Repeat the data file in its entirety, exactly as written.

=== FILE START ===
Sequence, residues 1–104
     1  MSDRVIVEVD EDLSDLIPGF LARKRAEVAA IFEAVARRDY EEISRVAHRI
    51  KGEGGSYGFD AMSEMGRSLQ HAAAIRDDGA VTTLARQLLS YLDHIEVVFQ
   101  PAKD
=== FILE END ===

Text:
Sequence, residues 1–104
     1  MSDRVIVEVD EDLSDLIPGF LARKRAEVAA IFEAVARRDY EEISRVAHRI
    51  KGEGGSYGFD AMSEMGRSLQ HAAAIRDDGA VTTLARQLLS YLDHIEVVFQ
   101  PAKD